Nurse educators are challenged to develop learning strategies that engage students in inquiry-based education designed to reflect the capabilities of technology, especially in nonclinical courses. WebQuests offer a framework for cognitive activities supported by students’ scrutiny of Web sites and resources using assigned criteria. “A WebQuest, as a constructivist, inquiry-oriented strategy, requires learners to use higher levels of thinking as a means to analyze and apply complex information” consistent with Bloom’s taxonomy (Sanford, Townsend-Rocchiccioli, Trimm, & Jacobs, 2010, p. 473). The following example demonstrates the power of the WebQuest framework for undergraduate students exploring nurse theorists. This topic can be met with student resistance as the relevance often is not understood. The WebQuest design addressed this challenge.
The WebQuest provides an organized framework for developing learning activities that are dynamic and engage learners in critical thinking and problem solving. A WebQuest is simple to design and starts with a creative idea, followed by the application of six essential features with scaffolding as a central method of WebQuests construction.
The WebQuest includes:
Introduction (generates interest and provides the background); Task (authentic, engaging, task aligned with learning objectives); Process (a scaffolded guide for task accomplishment); Resources (relevant, quality Internet-based resources to guide learning); Evaluation (grading rubric for task completion); Conclusion (provides reflection and meaningful closure).
The WebQuest page is the definitive source, is updated frequently, and includes articles and tools on structuring WebQuests ( http://webquest.org/).
The online site Questgarden. com is an authoring tool and hosting service that provides guidance for WebQuest design and development. WebQuest.org, a site developed by the original creator, includes a repository of WebQuests that can be accessed for free use and modified to meet learning objectives. Additional resources include design patterns and templates for development, process checklists, and rubrics for evaluating WebQuests and learner performance.
The quality of Web sites selected impacts the utility of the WebQuest and must feature relevant, current, and user-friendly materials organized to allow for efficient use of computer-searching activities. Direct links to Web sites are embedded in the resources section of the WebQuest to facilitate efficiency. Learners are directed to a variety of the most informative sources available on the Internet to accommodate different learning styles while addressing each component of the evaluation criteria.
A WebQuest was created for an undergraduate evidence-based practice and informatics course to engage students in an exercise exploring nurse theorists. Students had been introduced to the concepts of evidence-based practice and the interrelatedness of theory, research, and practice as the foundation of sound nursing practice. The goal of the Theorist WebQuest was to identify nurse theorists and their contributions to the discipline of nursing, facilitating immersion in the connections between theory, practice, and research.
The class was divided into groups to complete the WebQuest and to prepare an oral presentation. An evaluation rubric was designed to assess task completion including objectives for describing theory characteristics and the metaparadigm ascribed to by the theorist, with a focus on debating the applicability of the theory in clinical or administrative environments. Web-based resources were selected that offered a comprehensive overview of the selected theorists’ metaparadigm with additional resources (peer-reviewed journal articles) describing the use of the particular theory in clinical practice.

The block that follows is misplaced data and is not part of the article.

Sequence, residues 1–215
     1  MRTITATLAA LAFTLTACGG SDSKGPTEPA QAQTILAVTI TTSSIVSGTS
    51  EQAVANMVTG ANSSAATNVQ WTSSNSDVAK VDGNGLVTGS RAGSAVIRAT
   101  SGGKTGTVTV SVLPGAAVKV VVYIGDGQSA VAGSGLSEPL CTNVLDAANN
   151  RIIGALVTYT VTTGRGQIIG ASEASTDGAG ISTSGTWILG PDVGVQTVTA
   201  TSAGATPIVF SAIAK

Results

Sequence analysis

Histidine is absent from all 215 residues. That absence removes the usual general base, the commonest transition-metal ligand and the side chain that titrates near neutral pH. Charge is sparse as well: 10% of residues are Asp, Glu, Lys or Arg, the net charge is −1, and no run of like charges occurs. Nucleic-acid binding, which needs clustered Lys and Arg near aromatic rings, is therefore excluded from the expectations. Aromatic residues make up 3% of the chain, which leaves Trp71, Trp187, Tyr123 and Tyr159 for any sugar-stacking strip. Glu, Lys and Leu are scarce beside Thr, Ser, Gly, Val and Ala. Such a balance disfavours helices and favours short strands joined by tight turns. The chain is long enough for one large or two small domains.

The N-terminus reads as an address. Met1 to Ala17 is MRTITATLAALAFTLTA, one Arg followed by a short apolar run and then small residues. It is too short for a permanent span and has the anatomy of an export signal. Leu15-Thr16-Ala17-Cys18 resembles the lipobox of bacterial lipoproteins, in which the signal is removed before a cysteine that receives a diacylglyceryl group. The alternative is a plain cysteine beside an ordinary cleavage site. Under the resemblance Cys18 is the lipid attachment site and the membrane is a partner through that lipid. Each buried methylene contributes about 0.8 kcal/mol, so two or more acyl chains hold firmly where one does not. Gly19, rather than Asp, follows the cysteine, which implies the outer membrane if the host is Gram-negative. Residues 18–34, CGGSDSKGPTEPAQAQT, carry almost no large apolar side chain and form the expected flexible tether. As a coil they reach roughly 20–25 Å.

Students reported satisfaction with this learner-centered assignment but felt thwarted by the time limitations given this was an in-class exercise. Students were given 2 hours to complete the WebQuest and prepare their oral presentations. The remaining 2 hours of this class session accommodated the group presentations, allowing time for questions and discussion debating the utility of specific nursing theories in contemporary practice.
Via course evaluations, students reported evidence of this assignment’s effectiveness, but more formative and summative evaluation will be required to determine sound pedagogical application. Overall, students spoke about the benefits of exploring nurse theorists’ contributions to evidence-based practice and establishing the foundational linkages between theory, research, and practice. Learning outcomes included an improvement in students’ information literacy skills and confidence in using information effectively. Information competency skills such as analyzing, synthesizing, and evaluating were demonstrated with this collaborative learning activity.
The WebQuest approach empowers students to participate in higher order thinking and information skills aligned with constructivist principles (Lahaie, 2007). Faculty evaluations support that WebQuests could be incorporated easily into nursing education initiatives.
- Lahaie, U. (2007). WebQuests: A new instructional strategy for nursing education. Computers, Informatics, Nursing, 25, 148–156. doi:10.1097/01.NCN.0000270041.14541.7e [CrossRef]
- Maxwell, S. (2009). WebQuests: A viable solution to meeting the continuing professional education needs of home health care nurses. Home Health Care Management & Practice, 21, 171–176. doi:10.1177/1084822308322649 [CrossRef]
- Sanford, J., Townsend-Rocchiccioli, J., Trimm, D. & Jacobs, M. (2010). The WebQuest: Constructing creative learning. The Journal of Continuing Education in Nursing, 41, 473–479. doi:10.3928/00220124-20100503-04 [CrossRef]